By Elaine Van Develde
It’s that time of the year for a longstanding Fair Haven tradition — photos at the firehouse with Santa.
This year, Santa’s came to the firehouse on Sunday.
It’s another Fair Haven tradition you can always count on.
I remember …
I don’t recall whether or not the Santa visit always took place on a Sunday. I do know that I was always there as a kid, from 1964 (OUCH) through the early 1970s. I was even taken there a few years before the move to a Fair Haven that would be home to three generations for 53 years (note the photo).
Though the memories of the specifics are somewhat fuzzy, the sentimentality and emotional ties are still as vivid as the red on Jolly Ol’ Saint Nick’s suit.
I remember the peppermint scent from a room full of kids with candy canes upstairs in the firehouse, sticky fingers, the, yes, comforting waft of gas from the fire trucks that protected us. Then there was the excitement mixed with doubt of whether or not I was still a believer. Oh, and the nagging obsession over whether or not that beard was real.
If I told my parents I didn’t believe it was real, as if unmasking some major fraud, then they’d say it was one of Santa’s “helpers” trying to share the wealth of his pre-Christmas visits. I think one year, or a few, fireman Bill Overman was a “helper.” To this day, every time I see the guy, I have a Santa’s helper flashback. That and his mind-altering clown role on the firetruck ride at the fair. Lollipops and candy canes. Candy canes and lollipops.
Specifics aside, there was that undeniable growing attachment to the tradition and the town that was emblazoned in my sometimes weary holiday heart — clown and Santa’s helper PTSD moments and all.
I can still see a montage of that scene that evoked that happy little Fair Haven kid memory cache. There I was, sister and parents beside me, standing there in my green coat and goofy looking knit stocking hat with that big tassel of yarn dangling at the end.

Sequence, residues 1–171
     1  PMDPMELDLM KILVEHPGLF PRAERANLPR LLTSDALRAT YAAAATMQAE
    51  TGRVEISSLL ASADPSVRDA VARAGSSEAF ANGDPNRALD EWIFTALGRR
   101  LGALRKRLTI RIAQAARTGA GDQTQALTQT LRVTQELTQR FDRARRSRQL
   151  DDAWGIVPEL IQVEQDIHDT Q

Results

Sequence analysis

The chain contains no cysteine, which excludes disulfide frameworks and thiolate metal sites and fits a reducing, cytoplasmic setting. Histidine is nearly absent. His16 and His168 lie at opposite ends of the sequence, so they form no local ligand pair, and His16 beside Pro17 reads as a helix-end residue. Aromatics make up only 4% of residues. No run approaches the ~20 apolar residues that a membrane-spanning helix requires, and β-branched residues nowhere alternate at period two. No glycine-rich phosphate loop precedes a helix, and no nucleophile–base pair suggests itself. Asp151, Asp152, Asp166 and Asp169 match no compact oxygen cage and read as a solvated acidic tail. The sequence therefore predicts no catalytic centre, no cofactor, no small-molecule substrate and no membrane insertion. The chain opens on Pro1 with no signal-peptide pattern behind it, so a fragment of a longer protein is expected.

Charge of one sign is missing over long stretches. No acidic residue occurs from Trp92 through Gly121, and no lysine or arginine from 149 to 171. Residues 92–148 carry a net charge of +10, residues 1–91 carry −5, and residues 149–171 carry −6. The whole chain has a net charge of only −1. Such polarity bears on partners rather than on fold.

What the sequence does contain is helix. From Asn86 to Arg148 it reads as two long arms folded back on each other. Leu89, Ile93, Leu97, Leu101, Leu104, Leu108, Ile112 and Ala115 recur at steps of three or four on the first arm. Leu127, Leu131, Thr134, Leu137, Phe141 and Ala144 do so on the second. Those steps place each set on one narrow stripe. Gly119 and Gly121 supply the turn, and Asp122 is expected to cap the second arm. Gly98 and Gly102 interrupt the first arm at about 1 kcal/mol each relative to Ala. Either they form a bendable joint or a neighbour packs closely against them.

I remember rehearsing what I’d ask for, my poor cash-strapped parents trying to urge me to keep the want modest, because “other kids needed Santa’s help more.” We were told we had all we needed in 1964 — the year we moved to Fair Haven. My parents were right. No other kids were quite so lucky.
Then there was the pose clutching the half-eaten candy cane and all the stress of checking out that stinking beard while making sure I got my word in on the most wanted present. All I really wanted was “a doll with a wind,” as I called it.
I got it, after Santa’s elves finally “made enough of them,” and I loved it. The thing didn’t do too much, but I was pretty obsessed with the power of Claus through which it arrived under my tree.
Then there was the part at the firehouse event where we got to go downstairs into the emptied fire truck bays and pick out a pre-Christmas present.
I remember getting one of those potholder making kits. Rest assured, every family member got a really ugly pot holder for that and a few years after.
I think that, the not-so-thrilling, but beloved, doll, the eventual Easy Bake Oven and that cardboard kitchen were my favorites.
Tradition. It really didn’t take much to make much.
Now, off I go to whip up a batch of Christmas cookies in that Easy Bake Oven. Hmmm … Where to put the oven? The kitchen fell apart in 1970.
Got pot holders?